What Effects Do Trees Have On The Environment?

The environment affects trees, but trees can also affect the environment. A tree needs water, minerals, carbon dioxide, and sunlight. The pH, moisture content, type of soil, competition, and mankind all affect tree growth. This experiment is designed to help us understand how trees affect the environment around them.

Many other factors are now being investigated for trees the same way that they are for people. The forest is much different than an urban area. While taking measurements of these environmental factors, consider what other factors you could measure. Which of these factors do you think are important to a homeowner / forester?


  1. Does the soil moisture, soil pH, soil temperature and humidity vary from tree to tree?

     Students are to write their own before continuing.

Air thermometer Soil thermometer
Sling psychrometer pH meter/pH paper
Moisture meter Meter sticks
15 cm rulers Plastic bags

Possible option:
    Balances / scales
    Distilled water


  1. Students will work in groups to prepare the appropriate data tables.
  2. Take the first set of air and soil temperatures at the base (bole) of the tree, and the second set at the drip line (measure the distance from the trunk). The final set should be taken at least 5 meters from the tree in full sun.
  3. The pH should be measured using the pH meter at the same distances as the temperatures. If pH is to be tested, collect a soil sample, place in a plastic bag, and return it to the laboratory. In the lab, add an equal amount of distilled water to the soil sample, and then in three to five minutes (when the soil has settled) use the pH paper.
  4. Measure the soil moisture with the meter at the same locations.
  5. Measure the humidity in the same approximate locations.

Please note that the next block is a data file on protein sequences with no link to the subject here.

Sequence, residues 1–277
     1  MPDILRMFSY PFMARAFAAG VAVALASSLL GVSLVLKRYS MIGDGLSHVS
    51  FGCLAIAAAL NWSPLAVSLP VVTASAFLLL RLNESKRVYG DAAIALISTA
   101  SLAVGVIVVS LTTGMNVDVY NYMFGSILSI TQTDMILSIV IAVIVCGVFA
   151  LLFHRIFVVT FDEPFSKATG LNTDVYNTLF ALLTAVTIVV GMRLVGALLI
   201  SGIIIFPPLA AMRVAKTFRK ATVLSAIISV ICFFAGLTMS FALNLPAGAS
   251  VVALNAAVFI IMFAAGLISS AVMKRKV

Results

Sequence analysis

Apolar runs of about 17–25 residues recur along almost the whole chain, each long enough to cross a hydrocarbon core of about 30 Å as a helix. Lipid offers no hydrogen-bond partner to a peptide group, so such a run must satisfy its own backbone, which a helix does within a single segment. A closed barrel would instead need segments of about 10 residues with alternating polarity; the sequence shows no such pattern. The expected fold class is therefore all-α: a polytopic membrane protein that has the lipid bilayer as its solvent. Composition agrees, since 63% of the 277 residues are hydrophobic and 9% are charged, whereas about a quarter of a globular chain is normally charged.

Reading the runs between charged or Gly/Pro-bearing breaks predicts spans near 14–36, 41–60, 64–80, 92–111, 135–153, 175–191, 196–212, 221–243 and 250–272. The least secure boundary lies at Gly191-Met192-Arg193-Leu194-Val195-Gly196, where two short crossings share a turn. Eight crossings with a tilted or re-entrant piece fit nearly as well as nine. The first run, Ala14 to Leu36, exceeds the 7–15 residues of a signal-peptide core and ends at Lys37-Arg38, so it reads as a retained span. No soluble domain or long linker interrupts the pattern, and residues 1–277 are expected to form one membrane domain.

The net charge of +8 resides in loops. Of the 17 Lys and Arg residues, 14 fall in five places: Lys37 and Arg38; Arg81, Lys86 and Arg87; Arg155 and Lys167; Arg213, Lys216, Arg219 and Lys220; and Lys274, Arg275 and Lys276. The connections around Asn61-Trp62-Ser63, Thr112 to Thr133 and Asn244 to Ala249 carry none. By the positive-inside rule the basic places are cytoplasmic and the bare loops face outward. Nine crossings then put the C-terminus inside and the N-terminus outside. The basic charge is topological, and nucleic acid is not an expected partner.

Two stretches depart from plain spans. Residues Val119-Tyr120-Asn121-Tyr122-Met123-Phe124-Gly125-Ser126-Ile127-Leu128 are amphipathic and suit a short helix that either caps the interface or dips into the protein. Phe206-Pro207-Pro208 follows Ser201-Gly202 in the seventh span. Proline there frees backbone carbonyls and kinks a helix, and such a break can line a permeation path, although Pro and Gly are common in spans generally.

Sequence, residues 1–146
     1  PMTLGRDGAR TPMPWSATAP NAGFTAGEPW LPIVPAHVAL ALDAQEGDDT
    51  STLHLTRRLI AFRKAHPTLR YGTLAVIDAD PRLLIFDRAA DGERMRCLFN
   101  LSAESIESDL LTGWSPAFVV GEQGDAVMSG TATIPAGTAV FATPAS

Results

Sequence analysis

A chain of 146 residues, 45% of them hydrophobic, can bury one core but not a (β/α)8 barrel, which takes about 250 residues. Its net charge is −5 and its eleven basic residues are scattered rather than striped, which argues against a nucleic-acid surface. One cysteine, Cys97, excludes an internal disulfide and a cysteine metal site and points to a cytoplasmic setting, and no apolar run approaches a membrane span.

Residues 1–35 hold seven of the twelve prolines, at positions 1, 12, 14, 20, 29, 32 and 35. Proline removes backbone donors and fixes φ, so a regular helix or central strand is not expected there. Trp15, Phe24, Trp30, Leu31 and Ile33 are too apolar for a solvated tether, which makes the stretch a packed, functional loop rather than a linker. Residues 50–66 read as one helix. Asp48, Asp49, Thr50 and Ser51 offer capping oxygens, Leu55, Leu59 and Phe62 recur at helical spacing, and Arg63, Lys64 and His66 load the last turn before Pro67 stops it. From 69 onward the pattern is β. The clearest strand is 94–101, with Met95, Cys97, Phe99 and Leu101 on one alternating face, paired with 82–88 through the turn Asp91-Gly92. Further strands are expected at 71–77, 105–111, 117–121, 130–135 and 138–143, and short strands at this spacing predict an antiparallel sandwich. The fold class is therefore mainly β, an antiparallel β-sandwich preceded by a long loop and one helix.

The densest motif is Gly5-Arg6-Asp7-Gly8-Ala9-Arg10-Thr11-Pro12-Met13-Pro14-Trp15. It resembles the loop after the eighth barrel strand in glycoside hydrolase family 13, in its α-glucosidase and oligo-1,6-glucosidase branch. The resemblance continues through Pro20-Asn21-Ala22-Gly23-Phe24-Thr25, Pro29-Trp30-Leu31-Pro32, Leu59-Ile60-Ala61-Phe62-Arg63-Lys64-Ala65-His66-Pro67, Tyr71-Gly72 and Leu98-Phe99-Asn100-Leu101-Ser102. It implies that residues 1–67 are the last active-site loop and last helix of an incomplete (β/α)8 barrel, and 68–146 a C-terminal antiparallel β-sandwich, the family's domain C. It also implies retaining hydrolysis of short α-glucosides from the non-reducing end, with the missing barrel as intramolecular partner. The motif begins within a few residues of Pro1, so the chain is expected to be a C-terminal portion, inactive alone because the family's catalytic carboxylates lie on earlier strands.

The data for your group's work should be checked with the teacher before it is entered in the class data table. Make sure of the units you are using and the number of places in your calculated results. The table should be labeled Table A with an appropriate key for any abbreviations.

The following abbreviations are used in data Table B to conserve space:

AT - air temperature
H - humidity
SM - soil moisture
ST - soil temperature
pH - acidity of soil

Combine data from at least three other groups (or as your teacher directs) in the Class Data Table B.

Table A:


TREE #_____

. Air Temp. Soil Temp. Humidity pH Soil
Base . . . . .
Dripline . . . . .
Outside . . . . .

Table B:


Tree No. Species Base
. . . . .
. . . . .
. . . . .
. . . . .
. . . . .

Discussion Questions

  1. Which tree had the greatest difference in temperature between the base and the area outside the tree? Which tree had the least difference? What was the difference?
  2. Was the difference in humidity between the base of the tree and the open area outside surprising to you? Explain.
  3. Which trees had the greatest soil moisture at the base? at the drip line? Is there a difference? Why?
  4. Do you believe that the pH difference is due to the species of tree? Explain your answer.


  1. Does the data support your hypothesis? Why or why not?
  2. What does the results of this experiment tell you about trees as a homeowner / forester?
  3. What experiment could you design to learn more about the effects of trees on the environment?
  4. How are the conditions under a tree different from outside its influence?

Background Information
While the micro-environment required by an organism may not seem important to the untrained observer, the micro-environment above and below ground can have a tremendous impact on all organisms. In the last 30 years, the availability of more sophisticated techniques are increasing our awareness of the micro-environment. We have been manipulating the macro-environment without realizing how the micro-environment is also being altered.

The chemistry of the soil and the tree are now being studied intensively by scientists. Scienctific journals are now availabe that specifically address the health and productivity of trees. The three factors chosen for this exercise can be measured and compared easily. Since trees live for many years, student data on the same tree can be compared over time. The trees we plant and take care of today can be here for many generations to come.

Target Group
     High school or middle school level